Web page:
Disaster victim activists concerned about FEMA’s fairness, transparency

Cases have fueled persistent concerns about the fairness and transparency of FEMA's process for determining who qualifies for help in the first, crucial months after a disaster.

News Story (Texas)

Mike Snyder
Houston Chronicle
January 25, 2018

Tags: Disaster Recovery

Organizations mentioned/involved: Lone Star Legal Aid


Lawyers and community organizers who have worked with survivors of multiple disasters cite a range of reasons why deserving applicants may be turned down – unqualified or indifferent home inspectors, unclear rules, an assumption that many applicants have fraudulent intent. Some say applicants are being rejected because their homes were in poor condition before the storm.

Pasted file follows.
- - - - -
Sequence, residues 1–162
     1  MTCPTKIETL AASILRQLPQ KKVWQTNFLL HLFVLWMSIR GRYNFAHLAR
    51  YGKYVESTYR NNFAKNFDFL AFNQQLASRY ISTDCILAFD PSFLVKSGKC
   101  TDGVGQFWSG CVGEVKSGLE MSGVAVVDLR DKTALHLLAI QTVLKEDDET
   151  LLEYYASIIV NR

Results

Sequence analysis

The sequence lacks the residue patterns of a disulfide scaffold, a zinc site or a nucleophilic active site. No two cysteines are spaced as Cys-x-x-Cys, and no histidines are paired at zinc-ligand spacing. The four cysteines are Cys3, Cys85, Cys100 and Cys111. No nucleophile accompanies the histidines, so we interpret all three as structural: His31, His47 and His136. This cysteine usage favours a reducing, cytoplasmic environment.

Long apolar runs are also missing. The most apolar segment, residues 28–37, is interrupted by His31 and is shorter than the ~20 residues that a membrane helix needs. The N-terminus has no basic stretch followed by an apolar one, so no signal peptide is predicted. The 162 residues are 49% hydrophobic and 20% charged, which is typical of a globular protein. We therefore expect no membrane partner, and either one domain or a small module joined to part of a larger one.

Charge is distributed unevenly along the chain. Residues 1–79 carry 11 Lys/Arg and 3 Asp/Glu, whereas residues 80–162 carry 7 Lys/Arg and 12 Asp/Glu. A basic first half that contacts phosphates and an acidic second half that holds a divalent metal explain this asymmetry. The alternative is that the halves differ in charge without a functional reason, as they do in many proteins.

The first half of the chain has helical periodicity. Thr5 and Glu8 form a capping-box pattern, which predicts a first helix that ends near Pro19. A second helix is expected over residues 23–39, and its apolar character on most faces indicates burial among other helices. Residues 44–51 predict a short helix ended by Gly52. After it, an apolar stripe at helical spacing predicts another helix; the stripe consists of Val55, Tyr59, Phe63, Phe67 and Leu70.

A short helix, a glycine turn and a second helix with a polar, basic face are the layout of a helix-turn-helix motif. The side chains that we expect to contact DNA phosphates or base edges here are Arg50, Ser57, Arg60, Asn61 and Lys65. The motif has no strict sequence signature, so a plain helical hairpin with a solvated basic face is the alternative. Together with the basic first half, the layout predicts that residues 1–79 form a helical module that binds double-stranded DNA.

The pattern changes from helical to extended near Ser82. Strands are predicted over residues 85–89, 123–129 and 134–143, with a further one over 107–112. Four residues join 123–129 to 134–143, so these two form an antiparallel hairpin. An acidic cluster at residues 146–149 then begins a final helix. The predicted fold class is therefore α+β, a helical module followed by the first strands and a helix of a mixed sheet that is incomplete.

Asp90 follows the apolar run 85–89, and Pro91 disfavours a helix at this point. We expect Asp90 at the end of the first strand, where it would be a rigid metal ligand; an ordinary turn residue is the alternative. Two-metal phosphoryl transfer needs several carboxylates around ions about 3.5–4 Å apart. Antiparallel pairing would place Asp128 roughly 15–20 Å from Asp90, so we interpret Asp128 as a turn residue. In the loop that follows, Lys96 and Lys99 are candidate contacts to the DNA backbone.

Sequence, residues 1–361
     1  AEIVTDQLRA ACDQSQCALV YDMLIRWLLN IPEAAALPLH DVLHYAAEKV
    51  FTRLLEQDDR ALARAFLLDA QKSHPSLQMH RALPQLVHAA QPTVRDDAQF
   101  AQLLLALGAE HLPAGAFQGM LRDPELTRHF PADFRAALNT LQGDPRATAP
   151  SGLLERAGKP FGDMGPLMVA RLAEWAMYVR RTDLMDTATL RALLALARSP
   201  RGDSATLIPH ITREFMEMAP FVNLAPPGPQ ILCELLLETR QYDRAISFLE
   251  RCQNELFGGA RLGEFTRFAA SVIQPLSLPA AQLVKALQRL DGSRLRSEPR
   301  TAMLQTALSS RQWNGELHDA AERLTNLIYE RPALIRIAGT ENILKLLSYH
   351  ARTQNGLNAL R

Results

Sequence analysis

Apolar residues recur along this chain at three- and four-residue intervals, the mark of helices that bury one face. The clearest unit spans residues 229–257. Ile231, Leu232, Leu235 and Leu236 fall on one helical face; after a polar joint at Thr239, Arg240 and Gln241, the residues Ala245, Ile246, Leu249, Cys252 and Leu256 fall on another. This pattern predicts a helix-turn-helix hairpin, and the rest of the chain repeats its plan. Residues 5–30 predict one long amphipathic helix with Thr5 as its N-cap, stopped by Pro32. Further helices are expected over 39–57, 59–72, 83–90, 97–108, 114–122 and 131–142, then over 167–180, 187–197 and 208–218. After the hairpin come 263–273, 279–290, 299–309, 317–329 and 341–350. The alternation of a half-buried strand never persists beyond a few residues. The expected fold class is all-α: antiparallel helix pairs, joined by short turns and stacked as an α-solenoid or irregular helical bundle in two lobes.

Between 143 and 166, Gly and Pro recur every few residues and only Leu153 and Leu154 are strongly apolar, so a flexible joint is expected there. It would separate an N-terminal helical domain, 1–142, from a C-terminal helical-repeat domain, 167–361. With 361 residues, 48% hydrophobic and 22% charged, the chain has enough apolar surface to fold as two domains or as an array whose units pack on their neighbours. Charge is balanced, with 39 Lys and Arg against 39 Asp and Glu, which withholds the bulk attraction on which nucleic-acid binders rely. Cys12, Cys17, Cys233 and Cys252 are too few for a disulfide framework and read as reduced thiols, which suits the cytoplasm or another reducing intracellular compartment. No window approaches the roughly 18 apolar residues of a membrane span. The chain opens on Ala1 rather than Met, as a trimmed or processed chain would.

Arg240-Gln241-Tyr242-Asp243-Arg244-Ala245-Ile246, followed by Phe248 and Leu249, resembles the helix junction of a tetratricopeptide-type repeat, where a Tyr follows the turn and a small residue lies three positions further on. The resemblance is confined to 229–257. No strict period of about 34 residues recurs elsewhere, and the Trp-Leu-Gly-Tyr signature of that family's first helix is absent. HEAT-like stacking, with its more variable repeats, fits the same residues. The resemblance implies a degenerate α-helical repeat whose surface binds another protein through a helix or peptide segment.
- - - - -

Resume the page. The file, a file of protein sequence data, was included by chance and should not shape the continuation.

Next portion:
These issues have surfaced, to varying degrees, since Hurricane Katrina devastated New Orleans in 2005, advocates say. Despite signs of improvement, some are convinced that many people still aren’t getting the help they deserve.

“We’ve seen it getting better,” said Saundra Brown, the disaster response manager for Lone Star Legal Aid, a service for the poor, “but FEMA is a giant bureaucracy, and they have to be sued periodically to change things.”